Roadside Giants, by Brian and Sarah Butko
Everybody who's ever taken an American road trip has a memory -- and more probably a photograph -- of a roadside giant. Paul Bunyan, the Jolly Green Giant, an oversized hot dog - there's at least one in every state, and Canada has scores of them, too. What is less obvious and remarkably fascinating is the history and evolution of these highway icons. In Roadside Giants, Brian and Sarah Butko not only identify 24 varieties of oversized statuary and object-shaped buildings, they reveal their histories.
Each chapter focuses on an outstanding example of roadside gigantism. Beginning with Long Island's Big Duck, the authors not only tell the story of how an enterprising duck farmer called attention to his egg stand, but also how "duck" has become a term to describe a building that visually represents the wares it sells. This carefully researched background information is what sets Roadside Giants apart from other books on the same topic. Many books have excellent photographs, but this one has depth, too. The authors treat their subjects with a respect they rarely get, and the result is an engaging look into the evolution of America's car-centric culture.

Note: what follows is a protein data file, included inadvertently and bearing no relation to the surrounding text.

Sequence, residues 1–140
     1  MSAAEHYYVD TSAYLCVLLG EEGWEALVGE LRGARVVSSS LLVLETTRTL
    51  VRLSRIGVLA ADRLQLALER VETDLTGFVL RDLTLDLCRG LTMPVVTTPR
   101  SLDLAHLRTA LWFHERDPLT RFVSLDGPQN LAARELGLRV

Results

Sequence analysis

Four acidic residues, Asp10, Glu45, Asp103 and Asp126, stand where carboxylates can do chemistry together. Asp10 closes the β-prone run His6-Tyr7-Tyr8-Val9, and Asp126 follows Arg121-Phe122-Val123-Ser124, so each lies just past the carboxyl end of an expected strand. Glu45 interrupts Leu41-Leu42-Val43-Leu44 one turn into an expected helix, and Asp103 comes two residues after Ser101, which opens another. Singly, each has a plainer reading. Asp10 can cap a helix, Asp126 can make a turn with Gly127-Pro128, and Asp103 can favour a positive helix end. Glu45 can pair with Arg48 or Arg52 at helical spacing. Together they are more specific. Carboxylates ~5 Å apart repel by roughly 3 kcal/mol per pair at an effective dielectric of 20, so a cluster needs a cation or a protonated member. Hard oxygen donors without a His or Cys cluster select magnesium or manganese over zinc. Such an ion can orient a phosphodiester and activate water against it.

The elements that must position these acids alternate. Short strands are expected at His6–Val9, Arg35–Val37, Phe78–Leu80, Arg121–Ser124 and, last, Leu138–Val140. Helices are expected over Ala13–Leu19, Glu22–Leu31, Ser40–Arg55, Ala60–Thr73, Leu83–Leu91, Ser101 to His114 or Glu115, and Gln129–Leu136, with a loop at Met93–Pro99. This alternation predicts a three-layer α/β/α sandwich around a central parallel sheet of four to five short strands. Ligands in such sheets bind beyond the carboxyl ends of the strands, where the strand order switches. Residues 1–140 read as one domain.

The chapter about "muffler men" is a good example of the authors' attention to research. Not only have they included excellent photographs and background information about these big fiberglass dudes from all across the continent, they also dug up fascinating details about the factory that created them, why they look the way they do, how much they cost new, and how they came to be called "muffler men." I can't say I find these colossi exactly beautiful, but now that I know more about them, I have begun to foster a certain fondness.
Wigwam Villages are the subject of another chapter in Roadside Giants. While few of these roadside hostelries are still in operation, the authors have provided an excellent rundown of the wigwam motel phenomenon and the man responsible for the creation of most of them. As with all the buildings and statues still in existence, addresses, directions and Web sites are provided. The book also has an excellent general bibliography and a good list of Web sites with more information about roadside Americana.
Another great thing about Roadside Giants is that it covers new as well as old. It's easy to believe that nobody's building big statues and object-shaped buildings any more, but just turn to the chapter about the Longaberger basket company to find out differently. The company's "home office" in central Ohio is a 23-foot tall picnic basket that was completed in 1997.
From big donuts and hot dogs to decorated water towers, huge coffee pots, enormous elephants and life-sized dinosaurs, the Butkos have done a great job of capturing the glories of fiberglass and stucco in this book. It's a delightful read and -- just like a good road trip book should -- it makes you want to get out there and find your own "muffler man."